On July 12 the Church remembers the woman, called Veronica (or Beatrice) whose story is told in Matthew 9: 20-22. She has been suffering from a flow of blood for twelve years.
It would be hard to imagine a person whose life held less promise. This woman’s condition, which she had endured for such a long time, cut her off from society in many ways. She was considered to be unclean, and could not take part in the traditional social or religious events. She was not even supposed to be intimate with her husband, or to touch anyone.
In Luke’s Gospel we are given a further detail that Matthew’s account does not contain: this woman had spent all her money going to doctors and taking their recommended medicines or undergoing their suggested procedures, hoping to find a cure. She had not simply accepted her terrible affliction, but had tried with everything she had to do something about it. The failure to find a cure, for all those years, must have added to her heavy emotional burden.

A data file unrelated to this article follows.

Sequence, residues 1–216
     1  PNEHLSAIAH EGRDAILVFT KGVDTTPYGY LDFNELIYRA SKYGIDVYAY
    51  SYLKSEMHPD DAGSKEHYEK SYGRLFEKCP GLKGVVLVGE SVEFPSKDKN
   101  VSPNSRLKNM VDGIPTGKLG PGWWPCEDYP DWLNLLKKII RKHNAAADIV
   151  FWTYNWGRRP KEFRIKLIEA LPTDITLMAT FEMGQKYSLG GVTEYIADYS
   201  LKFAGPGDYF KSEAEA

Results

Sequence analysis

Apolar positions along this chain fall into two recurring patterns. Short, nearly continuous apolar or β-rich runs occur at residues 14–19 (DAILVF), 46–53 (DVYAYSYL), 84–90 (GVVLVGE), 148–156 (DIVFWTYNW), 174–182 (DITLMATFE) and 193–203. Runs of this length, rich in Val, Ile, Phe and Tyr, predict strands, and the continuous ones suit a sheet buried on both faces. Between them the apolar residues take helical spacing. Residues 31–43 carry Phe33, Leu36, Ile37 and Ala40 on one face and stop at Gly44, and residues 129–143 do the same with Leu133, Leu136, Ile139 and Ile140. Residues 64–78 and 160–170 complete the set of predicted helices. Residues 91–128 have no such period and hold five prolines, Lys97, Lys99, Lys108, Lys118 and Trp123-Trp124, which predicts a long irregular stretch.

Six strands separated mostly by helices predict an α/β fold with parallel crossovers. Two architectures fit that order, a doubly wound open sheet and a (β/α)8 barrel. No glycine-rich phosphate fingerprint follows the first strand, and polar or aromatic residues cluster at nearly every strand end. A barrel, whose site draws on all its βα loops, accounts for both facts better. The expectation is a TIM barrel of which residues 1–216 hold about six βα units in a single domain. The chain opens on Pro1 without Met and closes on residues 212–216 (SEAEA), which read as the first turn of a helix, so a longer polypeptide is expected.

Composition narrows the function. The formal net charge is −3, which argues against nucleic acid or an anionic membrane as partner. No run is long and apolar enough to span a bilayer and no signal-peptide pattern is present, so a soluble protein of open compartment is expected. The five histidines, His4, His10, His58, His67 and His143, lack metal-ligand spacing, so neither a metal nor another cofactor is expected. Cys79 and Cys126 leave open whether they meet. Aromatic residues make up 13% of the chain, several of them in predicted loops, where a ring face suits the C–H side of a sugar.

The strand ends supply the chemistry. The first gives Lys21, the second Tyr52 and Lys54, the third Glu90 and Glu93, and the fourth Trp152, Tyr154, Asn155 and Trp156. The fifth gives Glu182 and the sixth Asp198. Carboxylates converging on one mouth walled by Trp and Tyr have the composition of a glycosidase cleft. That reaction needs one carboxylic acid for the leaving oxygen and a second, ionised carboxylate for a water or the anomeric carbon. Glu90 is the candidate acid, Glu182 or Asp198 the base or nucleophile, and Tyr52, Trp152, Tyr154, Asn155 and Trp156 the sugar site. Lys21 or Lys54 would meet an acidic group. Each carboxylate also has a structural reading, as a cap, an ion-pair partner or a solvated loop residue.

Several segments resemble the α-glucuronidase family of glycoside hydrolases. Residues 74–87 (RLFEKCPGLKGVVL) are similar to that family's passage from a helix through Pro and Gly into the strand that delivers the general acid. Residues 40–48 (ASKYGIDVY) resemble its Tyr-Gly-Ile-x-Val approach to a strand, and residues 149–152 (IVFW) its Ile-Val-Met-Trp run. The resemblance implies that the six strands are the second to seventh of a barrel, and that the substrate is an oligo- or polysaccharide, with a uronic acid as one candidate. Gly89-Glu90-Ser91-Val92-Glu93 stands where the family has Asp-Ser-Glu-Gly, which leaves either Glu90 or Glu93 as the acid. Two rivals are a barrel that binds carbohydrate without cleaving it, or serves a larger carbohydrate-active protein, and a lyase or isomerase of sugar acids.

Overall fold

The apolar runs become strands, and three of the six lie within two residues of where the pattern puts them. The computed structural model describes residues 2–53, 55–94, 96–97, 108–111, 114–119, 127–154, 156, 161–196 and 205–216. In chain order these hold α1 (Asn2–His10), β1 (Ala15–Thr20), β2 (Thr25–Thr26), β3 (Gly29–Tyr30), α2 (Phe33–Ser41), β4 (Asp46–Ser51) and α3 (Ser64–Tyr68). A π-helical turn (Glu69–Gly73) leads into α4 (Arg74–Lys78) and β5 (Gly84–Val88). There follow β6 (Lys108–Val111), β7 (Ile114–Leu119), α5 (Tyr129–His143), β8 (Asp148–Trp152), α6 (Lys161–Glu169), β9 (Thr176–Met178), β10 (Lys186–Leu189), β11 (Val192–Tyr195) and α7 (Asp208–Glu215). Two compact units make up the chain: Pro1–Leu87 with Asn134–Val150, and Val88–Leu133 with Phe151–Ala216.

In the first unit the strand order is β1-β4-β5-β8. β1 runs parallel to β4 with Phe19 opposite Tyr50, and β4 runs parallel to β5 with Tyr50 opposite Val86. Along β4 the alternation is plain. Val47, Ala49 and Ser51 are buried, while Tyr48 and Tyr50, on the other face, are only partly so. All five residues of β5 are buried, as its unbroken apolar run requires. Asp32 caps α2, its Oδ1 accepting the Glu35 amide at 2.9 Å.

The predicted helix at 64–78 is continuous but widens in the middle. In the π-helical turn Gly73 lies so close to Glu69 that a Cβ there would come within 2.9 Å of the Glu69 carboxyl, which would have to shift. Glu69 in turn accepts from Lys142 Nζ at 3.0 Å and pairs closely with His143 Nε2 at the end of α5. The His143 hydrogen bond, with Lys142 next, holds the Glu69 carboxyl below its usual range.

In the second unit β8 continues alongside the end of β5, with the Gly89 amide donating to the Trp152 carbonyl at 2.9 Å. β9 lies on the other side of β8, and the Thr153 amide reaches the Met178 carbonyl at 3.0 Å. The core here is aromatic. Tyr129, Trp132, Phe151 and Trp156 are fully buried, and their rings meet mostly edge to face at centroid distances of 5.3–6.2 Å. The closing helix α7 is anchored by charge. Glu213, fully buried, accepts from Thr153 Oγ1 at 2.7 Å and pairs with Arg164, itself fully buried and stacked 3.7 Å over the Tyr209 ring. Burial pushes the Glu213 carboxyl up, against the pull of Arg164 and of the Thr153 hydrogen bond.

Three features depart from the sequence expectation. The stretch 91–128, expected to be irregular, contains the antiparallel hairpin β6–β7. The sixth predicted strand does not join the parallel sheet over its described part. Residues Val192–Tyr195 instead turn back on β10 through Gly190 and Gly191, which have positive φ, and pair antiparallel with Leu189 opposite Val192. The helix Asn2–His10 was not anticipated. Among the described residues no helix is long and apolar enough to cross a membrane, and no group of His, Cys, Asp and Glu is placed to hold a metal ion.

Desperation, sadness, poverty and loneliness were things this outcast woman lived with every day. She was a person about as close to having nothing as it is possible to be.
Matthew’s Gospel tells us that her encounter with Jesus Christ took place when He was on His way to do a great work: a leader in the synagogue, whose daughter had just died, was asking Him to “lay Your hand on her, and she will live.”
This leader had something in common with the lowly Veronica; they shared faith in Jesus Christ. Matthew quotes her as saying something similar to what the leader had said about his daughter. Veronica says, “If I only touch His garment, I shall be made well.” So she breaks the rules about uncleanness and does touch the fringe on His garment.
Jesus’ response is immediate and unhesitating: “Take heart, daughter, your faith has made you well.” With these words He gives her not only healing, but hope for the rest of her life. She is not only cured, but she can take heart, or look forward with hope and confidence to the coming years of her life.
In one of the readings for this day, Saint Paul tells us
what happened to the woman when she reached out in
faith to Christ, and what happens to all those who put
their faith in Him. Everything, Paul writes in I Corinthians
3: 22-23, becomes theirs: “For all things are yours,
whether Paul or Apollos or Cephas or the world or life or
death or the present or the future, all are yours; and you are Christ’s, and Christ is God’s.”
By her act of faith in that one moment, the woman who had nothing was given everything. She simply had to step up and receive what is promised to all people. We can make it the aim of our lives to do the same.